Much like MegaTagmension Blanc + Noire, Superdimension Neptune VS Sega Hard Girls is set in an alternate history from the rest of the series. The cast is present, but the characters don’t know one another. They take on different roles as the game sees fit. In this case, IF is still her adventurous self on the lookout for knowledge.
Things start off in a pretty rough spot. Gameindustri has transformed into a post-apocalyptic wasteland. While it isn’t immediately explained how exactly that happened, it is clear a war has destroyed the once beautiful scenery. While searching for an ancient library said to contain every piece of the world’s history, she sees what first appears to be a shooting star but is in fact a person falling from the sky (sound familiar?). Continue reading
Let us first address how Advent Dark Force is not a sequel. Instead, it acts like an expansion pack to the original Fairy Fencer F (read our review of this version here). Having first appeared only a couple years ago, there hasn’t been a noticeable upgrade to the visuals, but Compile Heart has taken the time to redress almost every other feature in the game.
Players take on the role of Fang, a lazy good-for-nothing who only dreams about the quality of his next meal. While walking through a small town, he comes across a sword stabbed into the ground. A passerby explains that whoever managers to pull the sword out will have one of their wishes granted. With dreams of a large feast filling his brain cavity, the young man takes a chance and removes the weapon with barely any effort. Continue reading
MegaTagmension Blanc + Neptune VS Zombies takes the already bizarre concept of anthropomorphized game consoles fighting in a world full of memes and throws it into a school setting.
The four CPU Goddesses are attending Gamicademi, a place that allows the rulers to become closer to their subjects. With enrollment at a dangerously low level, the school is threatened by closure (you would think the CPUs could snap their fingers and stop that from happening, but I digress).
Late last year, Idea Factory International announced during their annual press event in San Francisco that they would be releasing Hyperdevotion Noire, their tactical RPG spin-off to the Hyperdimension Neptunia series, for PC in a move that falls in line with their recent attempts at basically putting their entire catalog on to the platform as a new means of revenue. So far, so good, as they have seen a lot of success on that front as they indicated in the interview I had with them in December.
Fast forward four months and here we are with another PC port for the series. Since I already covered the original PlayStation Vita version of the game for the site in the past (which I highly recommend reading), I will be focusing on the particular benefits that higher grade hardware has produced for the title. I was already a big fan of the original release, speaking as someone who holds a lot of appreciation for the tactical RPG genre, and the player experience has mostly been improved upon here. Continue reading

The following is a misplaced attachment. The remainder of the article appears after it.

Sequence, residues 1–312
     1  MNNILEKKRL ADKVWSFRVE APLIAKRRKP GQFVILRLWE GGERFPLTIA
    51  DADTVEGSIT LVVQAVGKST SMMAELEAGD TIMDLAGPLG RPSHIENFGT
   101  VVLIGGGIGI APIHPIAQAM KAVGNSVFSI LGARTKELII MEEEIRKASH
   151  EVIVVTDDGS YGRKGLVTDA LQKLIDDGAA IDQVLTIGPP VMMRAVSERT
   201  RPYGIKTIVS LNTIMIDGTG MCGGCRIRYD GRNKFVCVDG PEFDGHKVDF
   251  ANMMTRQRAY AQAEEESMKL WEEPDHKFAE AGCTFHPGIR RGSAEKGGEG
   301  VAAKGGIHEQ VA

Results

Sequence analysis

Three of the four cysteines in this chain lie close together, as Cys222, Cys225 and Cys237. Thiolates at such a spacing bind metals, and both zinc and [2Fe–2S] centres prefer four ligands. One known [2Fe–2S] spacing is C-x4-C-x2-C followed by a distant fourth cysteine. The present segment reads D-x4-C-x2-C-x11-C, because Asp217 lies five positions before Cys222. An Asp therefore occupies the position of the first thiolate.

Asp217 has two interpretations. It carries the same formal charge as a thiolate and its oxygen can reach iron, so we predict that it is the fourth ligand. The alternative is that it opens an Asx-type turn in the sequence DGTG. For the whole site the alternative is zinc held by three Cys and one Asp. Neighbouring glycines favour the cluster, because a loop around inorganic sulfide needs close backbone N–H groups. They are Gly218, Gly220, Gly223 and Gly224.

Compile Heart has always been known for their rather inconsistent experiences. While I have been a big fan of their focus on character-building and story development, their small budget becomes very noticeable in the production department. This one isn’t much different, and there are other prevalent issues.
Trillion: God of Destruction is a little different than the games the company is used to making. This is a turn-based dungeon crawler not dissimilar from titles like Brandish or the Mystery Dungeon series. Every time you make a move, the enemy makes a move – though status effects and the speed stat of the character/enemy come into play. Continue reading
Megadimension Neptunia VII represents the series’ first foray into the latest console generation. I had mentioned during my Omega Quintet review last year that Compile Heart had figured out a way to make the hardware work for them.
Whereas in the last console cycle, their games used to feature plenty of frame hitching and muddy textures, Omega Quintet saw a consistently high framerate, instant loading, and higher quality visuals. Sure, these are still budget titles, but it’s fascinating being able to see the game grow from a technical perspective.
Now it is important to keep in mind that this is a sequel. The title is read as “Megadimension Neptunia V 2”, otherwise known as Hyperdimension Neptunia Victory 2. While it takes place following the events of the original Victory, there’s honestly little in terms of cohesiveness with the earlier game’s plot. Characters featured in that title such as Yellow Heart and Plutia are nowhere to be found. In fact, aside from the title, this could be considered a great entry to the series, though newcomers would benefit from playing prior entries just to get to know the characters. Continue reading
From its inception, the Hyperdimension Neptunia Re;Birth series was created to take some of the best features of the previous entries and remake, or rather, re-imagine them.
This meant streamlining the experience and tossing out mechanics that frustrated players – the difference between the first Hyperdimension Neptunia game on PS3 and Hyperdimension Neptunia Re;Birth 1 on PS Vita and PC embodies this transition. Plus, the developers also introduced new features, like the EXE Drive and Remake system, to keep things fresh and interesting along the way.
With an already refined set of features in Hyperdimension Neptunia Victory on the PS3, what exactly does Hyperdimension Neptunia Re;Birth 3: V Generation bring to the table? Continue reading